It’s a safe bet that most rural residents tend not to use words like “bucolic” to describe their surroundings, but urbanites who flee city life, chasing after visions of idyllic country settings, certainly do. Boy are they in for a rude awakening, as Martin Mittelstaedt reveals in Saturday’s Globe and Mail.
Rural life often has a bucolic image of neat farm fields and undulating hills, especially when contrasted with the crowded housing and traffic jams of urban living. People flee the degradation of cities for the countryside, but when they get there, they find anything but clean, green open spaces. From sewage-spreading to wind farms and gravel pits to garbage dumps, many people in rural areas are finding themselves involved in environmental issues that almost never afflict urban dwellers.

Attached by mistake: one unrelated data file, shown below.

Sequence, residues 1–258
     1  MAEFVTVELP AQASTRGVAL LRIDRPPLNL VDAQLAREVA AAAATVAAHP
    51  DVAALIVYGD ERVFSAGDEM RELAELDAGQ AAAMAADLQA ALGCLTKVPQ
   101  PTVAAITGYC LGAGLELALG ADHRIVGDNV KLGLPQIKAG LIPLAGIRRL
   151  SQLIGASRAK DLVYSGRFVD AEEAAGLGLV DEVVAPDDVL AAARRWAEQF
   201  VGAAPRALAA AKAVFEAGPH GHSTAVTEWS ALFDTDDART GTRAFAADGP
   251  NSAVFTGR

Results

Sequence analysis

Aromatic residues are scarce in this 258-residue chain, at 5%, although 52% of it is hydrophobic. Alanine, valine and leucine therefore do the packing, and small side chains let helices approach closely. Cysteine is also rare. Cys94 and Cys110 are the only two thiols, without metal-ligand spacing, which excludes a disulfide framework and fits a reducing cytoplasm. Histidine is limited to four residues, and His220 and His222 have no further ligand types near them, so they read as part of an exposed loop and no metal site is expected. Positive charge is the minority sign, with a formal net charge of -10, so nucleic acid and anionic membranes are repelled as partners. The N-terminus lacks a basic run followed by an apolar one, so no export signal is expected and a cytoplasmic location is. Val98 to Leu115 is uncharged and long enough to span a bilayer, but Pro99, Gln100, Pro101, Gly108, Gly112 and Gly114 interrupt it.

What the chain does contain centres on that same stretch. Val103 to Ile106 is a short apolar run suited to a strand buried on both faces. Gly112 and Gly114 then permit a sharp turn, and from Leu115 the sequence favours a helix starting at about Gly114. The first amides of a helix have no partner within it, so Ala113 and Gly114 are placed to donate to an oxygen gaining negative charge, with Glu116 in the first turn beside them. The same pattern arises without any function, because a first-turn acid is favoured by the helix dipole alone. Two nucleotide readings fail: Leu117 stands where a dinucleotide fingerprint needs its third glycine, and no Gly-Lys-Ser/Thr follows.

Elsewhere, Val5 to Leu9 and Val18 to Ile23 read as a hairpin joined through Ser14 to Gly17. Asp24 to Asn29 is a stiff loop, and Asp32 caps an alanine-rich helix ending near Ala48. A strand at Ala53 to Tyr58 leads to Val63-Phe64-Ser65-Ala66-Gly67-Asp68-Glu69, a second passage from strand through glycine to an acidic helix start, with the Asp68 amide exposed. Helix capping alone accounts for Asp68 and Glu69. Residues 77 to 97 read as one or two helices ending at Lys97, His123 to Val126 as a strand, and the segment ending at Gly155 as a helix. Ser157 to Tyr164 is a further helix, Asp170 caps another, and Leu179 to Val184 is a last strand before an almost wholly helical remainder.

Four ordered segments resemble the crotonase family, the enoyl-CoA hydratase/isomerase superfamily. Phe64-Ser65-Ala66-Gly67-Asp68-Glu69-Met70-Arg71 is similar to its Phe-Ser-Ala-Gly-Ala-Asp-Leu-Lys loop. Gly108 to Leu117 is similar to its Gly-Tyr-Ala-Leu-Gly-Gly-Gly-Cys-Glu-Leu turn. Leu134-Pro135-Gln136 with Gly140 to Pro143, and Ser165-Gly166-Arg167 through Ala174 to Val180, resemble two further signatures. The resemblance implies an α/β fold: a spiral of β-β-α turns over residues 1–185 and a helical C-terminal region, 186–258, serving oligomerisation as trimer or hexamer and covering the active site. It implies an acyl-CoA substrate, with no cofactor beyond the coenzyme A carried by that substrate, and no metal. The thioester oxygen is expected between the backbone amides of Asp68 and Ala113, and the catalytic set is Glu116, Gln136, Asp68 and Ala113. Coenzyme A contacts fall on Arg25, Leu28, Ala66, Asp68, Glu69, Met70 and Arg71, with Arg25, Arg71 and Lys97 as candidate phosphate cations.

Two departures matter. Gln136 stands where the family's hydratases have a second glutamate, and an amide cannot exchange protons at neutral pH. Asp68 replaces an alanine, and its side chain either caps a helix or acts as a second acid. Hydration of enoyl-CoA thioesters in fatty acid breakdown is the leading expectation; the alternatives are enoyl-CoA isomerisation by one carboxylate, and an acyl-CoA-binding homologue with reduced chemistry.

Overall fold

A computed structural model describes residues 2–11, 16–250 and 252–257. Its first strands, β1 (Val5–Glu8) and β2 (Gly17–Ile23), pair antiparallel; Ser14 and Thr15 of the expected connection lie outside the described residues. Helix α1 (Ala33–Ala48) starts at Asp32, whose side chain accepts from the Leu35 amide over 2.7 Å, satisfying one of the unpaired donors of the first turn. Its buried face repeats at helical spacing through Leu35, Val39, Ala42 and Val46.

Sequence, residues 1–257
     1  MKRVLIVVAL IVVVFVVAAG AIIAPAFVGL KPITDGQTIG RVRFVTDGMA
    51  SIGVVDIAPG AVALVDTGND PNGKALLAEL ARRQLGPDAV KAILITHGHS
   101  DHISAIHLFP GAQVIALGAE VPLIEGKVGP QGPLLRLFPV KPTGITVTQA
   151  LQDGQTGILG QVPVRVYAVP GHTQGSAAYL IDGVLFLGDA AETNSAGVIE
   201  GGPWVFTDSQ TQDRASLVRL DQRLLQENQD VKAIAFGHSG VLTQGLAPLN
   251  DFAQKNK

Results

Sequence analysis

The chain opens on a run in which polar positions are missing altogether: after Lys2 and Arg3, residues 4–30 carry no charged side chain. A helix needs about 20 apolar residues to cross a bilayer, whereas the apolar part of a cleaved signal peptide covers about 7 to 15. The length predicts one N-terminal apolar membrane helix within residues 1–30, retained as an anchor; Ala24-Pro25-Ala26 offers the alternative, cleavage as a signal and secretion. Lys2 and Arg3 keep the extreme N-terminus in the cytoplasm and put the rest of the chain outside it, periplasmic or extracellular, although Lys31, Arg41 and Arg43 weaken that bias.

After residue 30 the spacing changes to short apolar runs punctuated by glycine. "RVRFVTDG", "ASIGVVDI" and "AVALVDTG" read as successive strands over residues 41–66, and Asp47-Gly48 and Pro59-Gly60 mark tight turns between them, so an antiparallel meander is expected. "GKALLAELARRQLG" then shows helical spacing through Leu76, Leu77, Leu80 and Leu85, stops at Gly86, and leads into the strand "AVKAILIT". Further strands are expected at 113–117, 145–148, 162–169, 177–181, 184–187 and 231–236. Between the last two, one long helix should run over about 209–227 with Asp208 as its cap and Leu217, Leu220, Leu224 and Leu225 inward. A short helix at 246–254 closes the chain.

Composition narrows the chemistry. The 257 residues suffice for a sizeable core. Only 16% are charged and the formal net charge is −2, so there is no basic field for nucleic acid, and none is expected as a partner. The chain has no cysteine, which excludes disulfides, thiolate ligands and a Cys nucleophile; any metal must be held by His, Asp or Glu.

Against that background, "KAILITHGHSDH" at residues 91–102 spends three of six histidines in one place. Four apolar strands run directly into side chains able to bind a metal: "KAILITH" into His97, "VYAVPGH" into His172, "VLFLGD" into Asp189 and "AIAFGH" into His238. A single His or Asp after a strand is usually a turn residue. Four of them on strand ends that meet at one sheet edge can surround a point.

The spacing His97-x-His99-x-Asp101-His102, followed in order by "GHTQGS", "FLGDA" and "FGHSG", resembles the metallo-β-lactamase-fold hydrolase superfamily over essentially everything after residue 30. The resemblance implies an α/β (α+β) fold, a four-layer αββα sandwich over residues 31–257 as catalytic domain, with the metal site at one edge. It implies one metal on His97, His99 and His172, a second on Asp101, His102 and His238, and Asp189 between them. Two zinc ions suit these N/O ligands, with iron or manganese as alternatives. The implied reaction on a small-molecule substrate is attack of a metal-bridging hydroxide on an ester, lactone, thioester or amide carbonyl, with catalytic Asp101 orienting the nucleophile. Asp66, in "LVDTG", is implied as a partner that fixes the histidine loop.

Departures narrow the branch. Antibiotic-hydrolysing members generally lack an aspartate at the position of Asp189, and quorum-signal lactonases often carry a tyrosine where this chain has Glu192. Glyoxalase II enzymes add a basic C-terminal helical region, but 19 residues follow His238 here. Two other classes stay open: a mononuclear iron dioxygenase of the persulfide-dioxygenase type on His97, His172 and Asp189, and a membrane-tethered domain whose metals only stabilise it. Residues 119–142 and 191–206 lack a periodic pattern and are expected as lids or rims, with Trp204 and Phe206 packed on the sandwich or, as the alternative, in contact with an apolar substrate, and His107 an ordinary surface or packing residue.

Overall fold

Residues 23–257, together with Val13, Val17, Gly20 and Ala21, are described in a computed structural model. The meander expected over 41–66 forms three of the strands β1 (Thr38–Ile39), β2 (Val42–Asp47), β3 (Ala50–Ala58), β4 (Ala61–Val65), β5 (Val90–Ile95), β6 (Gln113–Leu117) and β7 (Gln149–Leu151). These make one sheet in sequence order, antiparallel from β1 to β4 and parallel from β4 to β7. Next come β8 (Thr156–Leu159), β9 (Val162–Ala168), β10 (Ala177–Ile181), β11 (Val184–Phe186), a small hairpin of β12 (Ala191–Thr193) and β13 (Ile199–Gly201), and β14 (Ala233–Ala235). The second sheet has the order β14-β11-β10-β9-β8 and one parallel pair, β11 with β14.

Maybe the cities aren’t so degraded, and the countryside quite so idyllic, as people think. Who’d have thunk it?
The cheap land afforded by rural areas means that a lot of eyesores get dumped out in the countryside, away from the madding crowds. And then there’s the dirty business of the rural economy — resource extraction, agricultural practices — that can ick out a city-dweller. And, as the article points out, local environmental activism doesn’t tend to get any help from national environmental groups — rural residents tend to be a little more disempowered. I know quite well what local environmental activists had to do on the two most recent files — uranium mining claims and an engineered landfill that would take trash from all of Gatineau.
Rural areas generally aren’t rich; what urbanites see as despoiling wilderness or ruining an area’s “quaint” rural character — everything from logging and mining to opening a big-box retailer — country folk often see as gainful employment that can be kind of scarce to come by. They don’t worship nature; they have to live in it. So there can be tensions between the people wealthy enough to retreat to the countryside and those who are too poor to leave it.